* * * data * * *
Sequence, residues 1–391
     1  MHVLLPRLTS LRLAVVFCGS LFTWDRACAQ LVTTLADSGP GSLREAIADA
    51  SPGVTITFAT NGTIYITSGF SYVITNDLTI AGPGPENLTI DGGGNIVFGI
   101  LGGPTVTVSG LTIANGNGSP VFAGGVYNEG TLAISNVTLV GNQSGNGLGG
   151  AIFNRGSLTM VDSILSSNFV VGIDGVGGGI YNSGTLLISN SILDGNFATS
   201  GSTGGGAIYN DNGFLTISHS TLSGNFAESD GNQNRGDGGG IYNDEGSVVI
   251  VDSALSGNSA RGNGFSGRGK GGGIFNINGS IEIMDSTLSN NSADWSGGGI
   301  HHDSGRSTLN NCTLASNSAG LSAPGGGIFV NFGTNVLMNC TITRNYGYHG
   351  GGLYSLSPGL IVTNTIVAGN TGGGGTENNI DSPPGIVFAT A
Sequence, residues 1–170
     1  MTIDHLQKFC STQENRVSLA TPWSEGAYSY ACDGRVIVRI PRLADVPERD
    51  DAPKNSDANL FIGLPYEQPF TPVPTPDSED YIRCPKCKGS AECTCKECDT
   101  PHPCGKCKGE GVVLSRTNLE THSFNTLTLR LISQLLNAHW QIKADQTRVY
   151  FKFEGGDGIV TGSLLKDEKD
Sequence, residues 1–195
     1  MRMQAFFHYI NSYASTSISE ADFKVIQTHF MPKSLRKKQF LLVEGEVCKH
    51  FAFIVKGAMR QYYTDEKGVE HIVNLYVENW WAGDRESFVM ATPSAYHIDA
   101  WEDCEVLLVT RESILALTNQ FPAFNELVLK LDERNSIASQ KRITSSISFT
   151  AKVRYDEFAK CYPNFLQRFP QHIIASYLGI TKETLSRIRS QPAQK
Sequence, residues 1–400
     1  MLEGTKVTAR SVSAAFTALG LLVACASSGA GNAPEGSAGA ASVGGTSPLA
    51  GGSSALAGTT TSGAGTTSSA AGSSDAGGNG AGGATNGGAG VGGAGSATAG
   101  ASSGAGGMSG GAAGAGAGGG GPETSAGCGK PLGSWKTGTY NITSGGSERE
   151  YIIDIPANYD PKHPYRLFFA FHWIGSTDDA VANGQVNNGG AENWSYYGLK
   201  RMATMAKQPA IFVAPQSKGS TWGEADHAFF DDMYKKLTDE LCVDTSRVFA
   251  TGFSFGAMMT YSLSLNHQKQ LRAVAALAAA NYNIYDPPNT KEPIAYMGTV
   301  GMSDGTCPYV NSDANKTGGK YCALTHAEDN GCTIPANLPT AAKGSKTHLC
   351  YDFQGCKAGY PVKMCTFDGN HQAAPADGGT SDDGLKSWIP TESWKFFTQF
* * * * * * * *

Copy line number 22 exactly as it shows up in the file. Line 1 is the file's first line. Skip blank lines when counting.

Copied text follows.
    51  GGSSALAGTT TSGAGTTSSA AGSSDAGGNG AGGATNGGAG VGGAGSATAG